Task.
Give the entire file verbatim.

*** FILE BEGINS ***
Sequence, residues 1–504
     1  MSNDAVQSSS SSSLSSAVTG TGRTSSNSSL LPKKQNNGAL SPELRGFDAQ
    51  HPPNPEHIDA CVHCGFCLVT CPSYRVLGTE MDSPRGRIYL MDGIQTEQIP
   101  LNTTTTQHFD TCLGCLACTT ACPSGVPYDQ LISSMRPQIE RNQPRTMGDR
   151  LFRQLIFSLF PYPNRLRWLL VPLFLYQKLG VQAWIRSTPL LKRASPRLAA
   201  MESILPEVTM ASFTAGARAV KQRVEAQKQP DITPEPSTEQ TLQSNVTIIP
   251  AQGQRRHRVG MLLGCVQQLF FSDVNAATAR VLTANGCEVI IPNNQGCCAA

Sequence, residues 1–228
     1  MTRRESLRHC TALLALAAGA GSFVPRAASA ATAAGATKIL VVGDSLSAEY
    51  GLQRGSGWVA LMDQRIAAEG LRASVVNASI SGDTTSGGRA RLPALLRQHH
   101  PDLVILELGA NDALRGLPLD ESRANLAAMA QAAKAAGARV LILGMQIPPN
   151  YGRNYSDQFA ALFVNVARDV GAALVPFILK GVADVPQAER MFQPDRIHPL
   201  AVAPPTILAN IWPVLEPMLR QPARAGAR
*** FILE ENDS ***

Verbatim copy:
Sequence, residues 1–504
     1  MSNDAVQSSS SSSLSSAVTG TGRTSSNSSL LPKKQNNGAL SPELRGFDAQ
    51  HPPNPEHIDA CVHCGFCLVT CPSYRVLGTE MDSPRGRIYL MDGIQTEQIP
   101  LNTTTTQHFD TCLGCLACTT ACPSGVPYDQ LISSMRPQIE RNQPRTMGDR
   151  LFRQLIFSLF PYPNRLRWLL VPLFLYQKLG VQAWIRSTPL LKRASPRLAA
   201  MESILPEVTM ASFTAGARAV KQRVEAQKQP DITPEPSTEQ TLQSNVTIIP
   251  AQGQRRHRVG MLLGCVQQLF FSDVNAATAR VLTANGCEVI IPNNQGCCAA

Sequence, residues 1–228
     1  MTRRESLRHC TALLALAAGA GSFVPRAASA ATAAGATKIL VVGDSLSAEY
    51  GLQRGSGWVA LMDQRIAAEG LRASVVNASI SGDTTSGGRA RLPALLRQHH
   101  PDLVILELGA NDALRGLPLD ESRANLAAMA QAAKAAGARV LILGMQIPPN
   151  YGRNYSDQFA ALFVNVARDV GAALVPFILK GVADVPQAER MFQPDRIHPL
   201  AVAPPTILAN IWPVLEPMLR QPARAGAR